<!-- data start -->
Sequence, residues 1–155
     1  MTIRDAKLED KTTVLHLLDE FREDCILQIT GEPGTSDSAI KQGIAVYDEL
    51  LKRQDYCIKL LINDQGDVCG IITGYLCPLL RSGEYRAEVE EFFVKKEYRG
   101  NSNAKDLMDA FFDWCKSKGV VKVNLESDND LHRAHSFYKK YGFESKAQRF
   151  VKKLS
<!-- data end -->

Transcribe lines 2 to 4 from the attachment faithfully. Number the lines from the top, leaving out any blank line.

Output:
     1  MTIRDAKLED KTTVLHLLDE FREDCILQIT GEPGTSDSAI KQGIAVYDEL
    51  LKRQDYCIKL LINDQGDVCG IITGYLCPLL RSGEYRAEVE EFFVKKEYRG
   101  NSNAKDLMDA FFDWCKSKGV VKVNLESDND LHRAHSFYKK YGFESKAQRF